The acquisition of Naked Communications by Photon has raised some eyebrows because so few in the UK market have heard of the Australian group.
Photon began to gain a profile in the UK only at the end of last year when it bought branding agency Corporate Edge (MW September 6, 2006). Other recent UK acquisitions include experiential agency Sledge, Frank Public Relations and REL Field Marketing.
However, Photon does not have a base in the UK and it appears to have no plans to set one up. The Sydney-based company, which listed on the Australian Stock Exchange in 2004, is run by a management team of six. Chief executive Matt Bailey admits Photon has a low profile, although those close to the group say this is down to the management team’s nature rather than a reflection of the company’s progress.
Last year, Photon posted a 56% increase in net revenue from $126m (£58m) in 2006 to $195m (£89m) in 2007. Its earnings before interest, taxes, depreciation and amortisation (EBITDA) were also up 60% last year.
Photon has a presence in 16 countries and last year acquired a total of 13 businesses around the world. On Monday, it spent £16.5m to add Naked – whose shareholders include advertising agency Mother – to its stable. The deal also includes a four-year earn-out clause.
Naked chief executive Nigel Long says Photon first came to the agency’s attention in September last year, via Naked’s Sydney office.
“They are very much about buying good brands and companies and leaving them to self manage, but they are also putting money in to help fund our growth,” he adds.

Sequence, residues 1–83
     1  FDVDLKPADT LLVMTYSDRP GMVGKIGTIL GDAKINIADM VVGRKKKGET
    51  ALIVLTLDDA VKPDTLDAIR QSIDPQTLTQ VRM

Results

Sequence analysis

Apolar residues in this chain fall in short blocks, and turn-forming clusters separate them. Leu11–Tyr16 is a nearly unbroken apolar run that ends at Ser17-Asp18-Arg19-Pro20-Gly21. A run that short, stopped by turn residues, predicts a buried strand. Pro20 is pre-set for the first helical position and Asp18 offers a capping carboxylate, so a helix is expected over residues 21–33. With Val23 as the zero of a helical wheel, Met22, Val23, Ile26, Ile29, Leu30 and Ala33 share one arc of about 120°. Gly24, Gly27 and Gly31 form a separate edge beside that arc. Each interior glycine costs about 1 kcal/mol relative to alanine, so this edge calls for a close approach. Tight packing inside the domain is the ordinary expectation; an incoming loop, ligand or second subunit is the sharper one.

The message is the same from other Photon-owned companies. Corporate Edge chairman Chris Wood says: “Photon does not sit on top of you. They’re there to get behind you when you need something.”
Photon has signalled its plans for aggressive growth in the UK, US and Asia but some wonder whether there is room for another big marketing services group.
For now, its closest UK rivals, which include Canadian group Cossette and the UK-based Creston, appear unconcerned, saying more competition is good for the industry.
But Jeremy Miles, chairman of Miles Calcraft Briginshaw Duffy, which sold a 51% stake to Cossette in 2005, claims Photon’s supposedly unique “hands off” model resembles the set-up at Cossette.
“I don’t think you could compare a WPP or an Omnicom to Cossette – it’s a very different kind of communications group,” he says. “It has gone around the world buying up highly creative entrepreneurial businesses and never once have we been advised by Cossette how to run our business.”
Corporate Edge’s Wood says that, while his company had approaches from other groups in the past, it chose Photon because it would not be “bound hand and foot” by the head office.
Out in the field
Photon boss Bailey will not be drawn on its next move in the UK market, but he points out that the group has a strong focus on field marketing businesses.
It also owns creative “hot shop” agencies in Australia, though it still does not have an advertising agency in the UK. However, Bailey says that traditional advertising agencies make up only a very small part of the group.
He adds: “We’re not going to buy just for the sake of it [but] we will be opportunistic and acquisitive.”